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*****Glen Research Glen Report*****
New Products – α-Tocopherol-TEG Phosphoramidite and 3’-Thiol-Modifier 6 S-S CPG
One of the fastest growing segments of the Glen Research product line is our cholesteryl products for adding a lipophilic molecule to oligonucleotides. Cholesteryl modification of oligonucleotides, usually antisense or siRNA, allows them to be delivered more efficiently to the targeted cells. Cholesterol is a very “sticky” molecule with some inherent problems for oligonucleotide synthesis, purification, and transport in biological fluids. Cholesterol is also routinely isolated from animal sources and, as such, is not ideal for therapeutic development. Purely synthetic cholesterol is now available commercially but at a high cost.
Vitamins would be considered to be virtually the ideal carriers for therapeutic oligonucleotides since they are recognized and used by target cells but are not produced by these cells. Vitamin E is both lipophilic and non-toxic even at high doses so would be an excellent candidate as a lipophilic carrier for oligonucleotides. Therefore, as an addition to our cholesteryl product line, we would like to offer simple α-tocopheryl labelling. a-Tocopherol is better known as Vitamin E. Even though vitamin E is generally isolated from plant sources, totally synthetic a-tocopherol is commercially available and is racemic at its three chiral centers.
The use of a-tocopherol as a lipophilic carrier for ribozymes has been described.1 In this publication, a 5’-DL-α-tocopheryl phosphoramidite was used as a lipophilic capture tag with a cleavable linker as a tool for the purification of modified hammerhead ribozymes. In a more recent report,2 a-tocopherol was used as a lipophilic carrier for siRNA for efficient delivery to the liver. In this work, the phosphoramidite was prepared by simple phosphitylation of a-tocopherol.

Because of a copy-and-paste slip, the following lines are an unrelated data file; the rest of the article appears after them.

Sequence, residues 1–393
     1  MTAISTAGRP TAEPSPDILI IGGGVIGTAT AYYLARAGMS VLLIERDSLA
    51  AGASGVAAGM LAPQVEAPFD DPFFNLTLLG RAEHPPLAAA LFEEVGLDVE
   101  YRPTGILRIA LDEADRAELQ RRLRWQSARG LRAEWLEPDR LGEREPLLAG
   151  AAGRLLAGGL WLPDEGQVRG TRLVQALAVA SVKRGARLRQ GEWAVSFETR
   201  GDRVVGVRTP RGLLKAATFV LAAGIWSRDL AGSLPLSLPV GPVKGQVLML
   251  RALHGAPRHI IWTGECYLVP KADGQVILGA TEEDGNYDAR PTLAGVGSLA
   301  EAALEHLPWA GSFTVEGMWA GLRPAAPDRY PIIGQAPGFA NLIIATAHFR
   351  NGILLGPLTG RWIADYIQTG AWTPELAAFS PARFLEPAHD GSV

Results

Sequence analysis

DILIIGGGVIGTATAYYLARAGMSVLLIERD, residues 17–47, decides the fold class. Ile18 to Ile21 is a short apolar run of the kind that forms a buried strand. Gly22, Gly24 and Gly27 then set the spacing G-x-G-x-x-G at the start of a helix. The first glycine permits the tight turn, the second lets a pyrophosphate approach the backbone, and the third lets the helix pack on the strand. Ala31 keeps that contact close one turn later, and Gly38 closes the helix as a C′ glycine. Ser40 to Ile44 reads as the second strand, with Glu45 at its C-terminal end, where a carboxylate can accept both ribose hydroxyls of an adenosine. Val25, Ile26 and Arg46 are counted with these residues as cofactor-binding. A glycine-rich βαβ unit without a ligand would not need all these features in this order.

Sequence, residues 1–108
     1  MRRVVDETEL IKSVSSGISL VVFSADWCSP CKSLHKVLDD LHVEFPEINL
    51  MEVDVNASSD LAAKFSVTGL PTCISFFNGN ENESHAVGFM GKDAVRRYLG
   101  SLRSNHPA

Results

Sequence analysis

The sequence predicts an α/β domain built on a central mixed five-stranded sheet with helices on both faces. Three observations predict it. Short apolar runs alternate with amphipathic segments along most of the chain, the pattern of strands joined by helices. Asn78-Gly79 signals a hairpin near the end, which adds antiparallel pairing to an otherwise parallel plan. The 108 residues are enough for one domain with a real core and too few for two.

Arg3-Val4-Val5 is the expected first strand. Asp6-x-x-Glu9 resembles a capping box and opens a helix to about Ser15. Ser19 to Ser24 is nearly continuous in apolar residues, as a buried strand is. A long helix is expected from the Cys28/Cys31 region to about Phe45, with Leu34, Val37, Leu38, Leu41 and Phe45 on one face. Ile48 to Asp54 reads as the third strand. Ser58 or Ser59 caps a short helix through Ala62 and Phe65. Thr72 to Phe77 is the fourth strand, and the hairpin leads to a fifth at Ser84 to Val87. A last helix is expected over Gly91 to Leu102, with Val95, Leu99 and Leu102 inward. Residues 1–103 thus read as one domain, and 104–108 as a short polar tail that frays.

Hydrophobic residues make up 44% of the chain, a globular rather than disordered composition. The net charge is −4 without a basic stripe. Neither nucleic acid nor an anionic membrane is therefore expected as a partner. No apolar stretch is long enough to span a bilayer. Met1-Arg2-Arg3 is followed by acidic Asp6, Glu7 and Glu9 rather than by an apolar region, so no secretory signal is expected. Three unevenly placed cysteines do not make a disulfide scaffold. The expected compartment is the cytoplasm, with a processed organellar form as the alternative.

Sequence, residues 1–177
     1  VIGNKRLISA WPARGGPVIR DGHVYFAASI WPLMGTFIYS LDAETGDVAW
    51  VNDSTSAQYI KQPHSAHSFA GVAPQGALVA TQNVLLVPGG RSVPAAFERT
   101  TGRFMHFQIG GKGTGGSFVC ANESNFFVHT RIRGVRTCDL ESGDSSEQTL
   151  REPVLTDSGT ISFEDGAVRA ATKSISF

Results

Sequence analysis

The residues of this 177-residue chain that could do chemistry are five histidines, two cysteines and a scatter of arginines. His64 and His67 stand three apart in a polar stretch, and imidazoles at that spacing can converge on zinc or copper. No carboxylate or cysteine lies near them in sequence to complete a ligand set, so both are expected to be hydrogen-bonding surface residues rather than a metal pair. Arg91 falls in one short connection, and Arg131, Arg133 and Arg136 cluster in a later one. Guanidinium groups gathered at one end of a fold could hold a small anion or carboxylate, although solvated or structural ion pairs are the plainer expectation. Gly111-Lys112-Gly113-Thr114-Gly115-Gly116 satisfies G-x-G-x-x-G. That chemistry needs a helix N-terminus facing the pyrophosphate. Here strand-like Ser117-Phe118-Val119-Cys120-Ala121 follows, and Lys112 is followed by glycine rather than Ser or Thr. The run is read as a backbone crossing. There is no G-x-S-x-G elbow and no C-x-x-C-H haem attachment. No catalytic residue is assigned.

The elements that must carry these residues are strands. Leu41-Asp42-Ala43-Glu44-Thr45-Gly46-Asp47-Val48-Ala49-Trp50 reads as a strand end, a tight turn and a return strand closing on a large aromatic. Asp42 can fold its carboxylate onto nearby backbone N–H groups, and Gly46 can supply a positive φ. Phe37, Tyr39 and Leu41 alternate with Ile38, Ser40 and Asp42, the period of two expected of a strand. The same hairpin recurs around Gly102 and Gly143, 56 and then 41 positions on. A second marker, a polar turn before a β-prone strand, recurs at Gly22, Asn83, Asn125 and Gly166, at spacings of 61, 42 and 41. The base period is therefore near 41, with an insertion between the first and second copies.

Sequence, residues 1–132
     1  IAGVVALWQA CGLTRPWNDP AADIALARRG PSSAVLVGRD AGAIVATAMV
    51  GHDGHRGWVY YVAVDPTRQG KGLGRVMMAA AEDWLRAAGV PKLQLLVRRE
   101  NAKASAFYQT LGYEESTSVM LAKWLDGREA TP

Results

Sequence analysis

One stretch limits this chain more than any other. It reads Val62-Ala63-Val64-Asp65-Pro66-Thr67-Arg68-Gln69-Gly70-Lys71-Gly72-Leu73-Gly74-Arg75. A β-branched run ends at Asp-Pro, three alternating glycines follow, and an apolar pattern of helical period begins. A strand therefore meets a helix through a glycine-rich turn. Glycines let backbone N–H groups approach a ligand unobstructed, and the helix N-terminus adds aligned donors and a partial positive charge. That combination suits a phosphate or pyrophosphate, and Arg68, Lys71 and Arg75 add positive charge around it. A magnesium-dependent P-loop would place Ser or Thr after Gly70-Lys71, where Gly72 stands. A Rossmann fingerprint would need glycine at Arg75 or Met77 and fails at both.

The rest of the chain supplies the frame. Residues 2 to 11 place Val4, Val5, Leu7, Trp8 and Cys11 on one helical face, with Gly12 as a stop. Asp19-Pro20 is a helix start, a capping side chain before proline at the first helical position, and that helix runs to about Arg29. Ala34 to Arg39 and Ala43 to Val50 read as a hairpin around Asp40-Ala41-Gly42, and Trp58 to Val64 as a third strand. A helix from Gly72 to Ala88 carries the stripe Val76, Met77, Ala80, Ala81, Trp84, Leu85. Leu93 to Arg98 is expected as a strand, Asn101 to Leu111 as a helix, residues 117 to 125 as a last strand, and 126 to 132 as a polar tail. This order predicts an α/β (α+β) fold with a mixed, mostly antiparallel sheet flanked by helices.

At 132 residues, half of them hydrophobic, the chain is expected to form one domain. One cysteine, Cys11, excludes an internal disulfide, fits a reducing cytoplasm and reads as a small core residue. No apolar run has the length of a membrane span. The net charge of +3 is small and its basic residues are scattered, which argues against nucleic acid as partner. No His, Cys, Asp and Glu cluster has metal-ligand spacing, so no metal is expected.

Over the years, we have developed a clear preference for the use of ethyleneglycol spacers for separating tags from oligonucleotides. These mixed polarity spacers allow the tag to be readily detected without interfering with oligonucleotide function. We are therefore happy to introduce a-Tocopherol-TEG Phosphoramidite for simple labelling of DNA and RNA oligonucleotides. α-tocopheryl oligonucleotides can be deprotected using standard procedures.
1. B.S. Sproat, T. Rupp, N. Menhardt, D. Keane, and B. Beijer, Nucleic Acids Res., 1999, 27, 1950-1955.
2. K. Nishina, et al., Mol Ther, 2008, 16, 734-40.
During 2008, Glen Research introduced 3’-Thiol-Modifier C6 S-S CPG (20-2936) to supplement the C3 version (20-2933) and the Thiol-Modifier C6 S-S Phosphoramidite (10-1936), which can easily and efficiently be used to produce 3’-thiols. This seemed like an easy addition to our product line but the reality was quite different. Many batches of 3’-Thiol-Modifier C6 S-S CPG have been produced and rejected for a variety of performance reasons. Even batches that have met our quality criteria failed to perform as well as the C3 version. We suspect that the C6 linker is too hydrophobic to perform at the highest level. Our colleagues at Berry & Associates have come up with a simple change to the structure of this linker that has had a huge impact on performance. The substitution of an O for CH2 in the linker has elevated the performance of this new version (20-2938) to the highest level that we would expect. We are pleased to offer this product as a direct replacement for 3’-Thiol-Modifier C6 S-S CPG (20-2936).
3’-Thiol-Modifier C6 S-S CPG was developed by, and is sold under agreement from Berry & Associates.
Please contact Glen Research if you have any questions or comments!